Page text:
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Can a Life Insurance Beneficiary Be Anyone?

What is a life insurance beneficiary and what do they do? Read on to find out more, and learn how to choose the best beneficiary for your policy.

A beneficiary can be a person, charity, business, or trust.

What is a Beneficiary?

In the world of insurance, a life insurance beneficiary is the person, people, or organization receiving your death benefit in the event that you die while your policy is active. This recipient can be a spouse, child, friend, or charity.

Who Can be a Beneficiary?

Generally speaking, no one can tell you who your beneficiary should be. A beneficiary can be a person, charity, business, or trust. In the event the beneficiary is a person, you can choose a spouse, relative, friend, or anyone else you happen to know. You may also choose more than one beneficiary. However, you’ll want to pay particular attention to certain regulations if you live in a common property state like Arizona, California, Idaho, Louisiana, Nevada, New Mexico, Texas, Washington, or Wisconsin. In these states, there might be insurance beneficiary rules that require your spouse to waive their rights as beneficiary before you name another person or organization as your life insurance beneficiary.
 

5 Tips for Choosing a Life Insurance Beneficiary 

Choosing a beneficiary doesn’t have to be difficult. If you follow these five tips, you’ll be on the right track to selecting the perfect life insurance beneficiary for you.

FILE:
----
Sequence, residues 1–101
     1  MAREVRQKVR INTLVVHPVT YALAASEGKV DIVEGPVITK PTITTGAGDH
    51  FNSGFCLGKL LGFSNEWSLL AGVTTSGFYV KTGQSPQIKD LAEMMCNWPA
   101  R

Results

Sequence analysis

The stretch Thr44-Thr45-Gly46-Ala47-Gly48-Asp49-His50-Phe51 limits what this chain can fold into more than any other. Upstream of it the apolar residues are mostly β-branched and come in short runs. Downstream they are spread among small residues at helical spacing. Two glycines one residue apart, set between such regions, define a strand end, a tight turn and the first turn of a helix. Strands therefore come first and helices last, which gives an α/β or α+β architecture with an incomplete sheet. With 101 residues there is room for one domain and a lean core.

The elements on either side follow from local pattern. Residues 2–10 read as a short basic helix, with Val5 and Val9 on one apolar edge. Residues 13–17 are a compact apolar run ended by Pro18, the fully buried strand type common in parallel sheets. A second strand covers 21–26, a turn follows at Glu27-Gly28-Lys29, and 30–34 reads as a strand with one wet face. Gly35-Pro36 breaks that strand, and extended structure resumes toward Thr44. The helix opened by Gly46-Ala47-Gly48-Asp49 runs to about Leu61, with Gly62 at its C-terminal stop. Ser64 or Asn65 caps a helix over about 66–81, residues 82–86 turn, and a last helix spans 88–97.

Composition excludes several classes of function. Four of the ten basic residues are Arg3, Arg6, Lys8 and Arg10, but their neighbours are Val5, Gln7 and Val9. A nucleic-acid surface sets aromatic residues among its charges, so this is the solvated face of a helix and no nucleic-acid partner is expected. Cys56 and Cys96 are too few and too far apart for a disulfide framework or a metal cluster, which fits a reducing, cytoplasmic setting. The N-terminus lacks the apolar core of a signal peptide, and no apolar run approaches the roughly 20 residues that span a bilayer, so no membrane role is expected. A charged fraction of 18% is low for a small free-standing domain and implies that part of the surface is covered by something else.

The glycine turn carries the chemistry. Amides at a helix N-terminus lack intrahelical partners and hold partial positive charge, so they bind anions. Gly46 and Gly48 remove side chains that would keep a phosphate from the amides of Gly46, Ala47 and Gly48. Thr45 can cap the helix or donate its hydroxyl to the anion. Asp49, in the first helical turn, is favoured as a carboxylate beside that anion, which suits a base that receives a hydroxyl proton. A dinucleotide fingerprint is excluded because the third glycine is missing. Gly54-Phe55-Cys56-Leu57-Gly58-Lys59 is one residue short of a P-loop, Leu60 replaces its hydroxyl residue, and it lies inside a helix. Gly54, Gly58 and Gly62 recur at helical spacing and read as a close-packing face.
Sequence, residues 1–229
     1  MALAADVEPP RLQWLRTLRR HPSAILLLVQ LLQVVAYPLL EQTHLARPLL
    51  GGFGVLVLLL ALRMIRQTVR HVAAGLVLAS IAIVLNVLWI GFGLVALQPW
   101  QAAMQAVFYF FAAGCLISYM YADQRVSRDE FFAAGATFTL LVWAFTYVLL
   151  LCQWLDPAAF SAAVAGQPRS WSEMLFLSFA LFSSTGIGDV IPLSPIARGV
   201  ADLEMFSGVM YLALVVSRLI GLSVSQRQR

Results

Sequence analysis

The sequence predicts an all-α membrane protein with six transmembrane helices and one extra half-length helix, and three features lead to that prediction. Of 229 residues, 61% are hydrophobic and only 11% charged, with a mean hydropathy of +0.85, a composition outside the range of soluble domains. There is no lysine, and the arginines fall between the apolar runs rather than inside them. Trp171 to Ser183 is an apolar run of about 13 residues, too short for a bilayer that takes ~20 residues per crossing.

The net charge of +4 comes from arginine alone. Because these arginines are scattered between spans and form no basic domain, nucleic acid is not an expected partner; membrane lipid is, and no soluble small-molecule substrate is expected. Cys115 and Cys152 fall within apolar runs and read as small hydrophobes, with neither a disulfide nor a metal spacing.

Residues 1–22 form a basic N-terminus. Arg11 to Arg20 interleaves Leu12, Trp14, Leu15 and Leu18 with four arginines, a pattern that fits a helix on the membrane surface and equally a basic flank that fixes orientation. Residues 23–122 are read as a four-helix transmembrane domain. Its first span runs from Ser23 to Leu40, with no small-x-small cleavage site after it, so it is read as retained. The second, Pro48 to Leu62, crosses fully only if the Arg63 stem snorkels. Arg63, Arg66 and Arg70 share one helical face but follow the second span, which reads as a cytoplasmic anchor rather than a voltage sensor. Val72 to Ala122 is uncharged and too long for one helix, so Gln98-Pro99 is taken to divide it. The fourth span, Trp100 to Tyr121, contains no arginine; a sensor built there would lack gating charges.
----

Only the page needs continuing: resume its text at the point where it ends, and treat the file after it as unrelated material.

1. Keep the purpose of the policy in mind

The reasons you have for purchasing life insurance will usually be a pretty good guide when it comes to choosing your beneficiary. For example, if you want to protect your family, consider choosing your spouse or child. If you want to preserve your business, consider choosing your business partner.


2. Know your options

A lot of people think they can only choose a spouse or children as their beneficiary, but that isn’t entirely true. Get to know your options, you may find the right beneficiary outside your immediate circle.


3. Have a beneficiary backup

Even if your beneficiary knows they’re in your life insurance policy, you may have trouble reaching them when needed. Make sure your attorney has their information, and if your beneficiary can’t be contacted at your time of death, make sure you have a backup beneficiary ready, ensuring your death benefits go to the right place.


4. Keep your beneficiaries up-to-date

One of the biggest oversights with life insurance policies is not keeping the beneficiaries up to date. Be sure to keep your insurance provider and attorney updated with your beneficiary’s most recent contact information and mailing address, make sure to inform your attorney and insurance provider any time it changes.


5. Avoid designating a minor as a beneficiary

You know those state regulations we talked about earlier? They can make matters infinitely more difficult when designating a minor as a beneficiary. In fact, some states don’t allow minors to receive the full amount of benefits from life insurance proceeds – or any proceeds at all. One way to avoid this is by setting up a trust for your child or designating an adult to oversee the distribution of funds from the death benefit to your child.
Understanding who can be a life insurance beneficiary and how to choose one can help make one of the most stressful aspects of your life insurance journey much easier. For more information on beneficiary rules and regulations in your state, contact a licensed insurance agent.